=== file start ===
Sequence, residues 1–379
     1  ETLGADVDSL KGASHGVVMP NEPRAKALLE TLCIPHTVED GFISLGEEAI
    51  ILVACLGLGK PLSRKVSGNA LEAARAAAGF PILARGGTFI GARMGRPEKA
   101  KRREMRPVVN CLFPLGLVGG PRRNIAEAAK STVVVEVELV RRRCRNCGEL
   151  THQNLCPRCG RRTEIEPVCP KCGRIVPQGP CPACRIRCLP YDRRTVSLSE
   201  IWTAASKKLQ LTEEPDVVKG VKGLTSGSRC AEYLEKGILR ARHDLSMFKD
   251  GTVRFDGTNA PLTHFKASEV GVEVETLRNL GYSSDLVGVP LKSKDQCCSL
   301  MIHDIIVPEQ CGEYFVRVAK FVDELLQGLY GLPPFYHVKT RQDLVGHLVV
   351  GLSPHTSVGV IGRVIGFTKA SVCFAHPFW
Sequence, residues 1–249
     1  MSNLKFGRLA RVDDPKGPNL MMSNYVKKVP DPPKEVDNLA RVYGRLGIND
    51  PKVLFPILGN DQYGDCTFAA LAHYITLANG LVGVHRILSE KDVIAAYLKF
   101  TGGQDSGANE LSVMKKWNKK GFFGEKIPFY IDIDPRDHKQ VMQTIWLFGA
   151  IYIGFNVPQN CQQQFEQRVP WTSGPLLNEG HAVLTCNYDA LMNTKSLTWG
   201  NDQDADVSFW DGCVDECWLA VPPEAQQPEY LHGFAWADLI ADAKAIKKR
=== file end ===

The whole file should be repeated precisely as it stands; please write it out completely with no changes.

Sequence, residues 1–379
     1  ETLGADVDSL KGASHGVVMP NEPRAKALLE TLCIPHTVED GFISLGEEAI
    51  ILVACLGLGK PLSRKVSGNA LEAARAAAGF PILARGGTFI GARMGRPEKA
   101  KRREMRPVVN CLFPLGLVGG PRRNIAEAAK STVVVEVELV RRRCRNCGEL
   151  THQNLCPRCG RRTEIEPVCP KCGRIVPQGP CPACRIRCLP YDRRTVSLSE
   201  IWTAASKKLQ LTEEPDVVKG VKGLTSGSRC AEYLEKGILR ARHDLSMFKD
   251  GTVRFDGTNA PLTHFKASEV GVEVETLRNL GYSSDLVGVP LKSKDQCCSL
   301  MIHDIIVPEQ CGEYFVRVAK FVDELLQGLY GLPPFYHVKT RQDLVGHLVV
   351  GLSPHTSVGV IGRVIGFTKA SVCFAHPFW
Sequence, residues 1–249
     1  MSNLKFGRLA RVDDPKGPNL MMSNYVKKVP DPPKEVDNLA RVYGRLGIND
    51  PKVLFPILGN DQYGDCTFAA LAHYITLANG LVGVHRILSE KDVIAAYLKF
   101  TGGQDSGANE LSVMKKWNKK GFFGEKIPFY IDIDPRDHKQ VMQTIWLFGA
   151  IYIGFNVPQN CQQQFEQRVP WTSGPLLNEG HAVLTCNYDA LMNTKSLTWG
   201  NDQDADVSFW DGCVDECWLA VPPEAQQPEY LHGFAWADLI ADAKAIKKR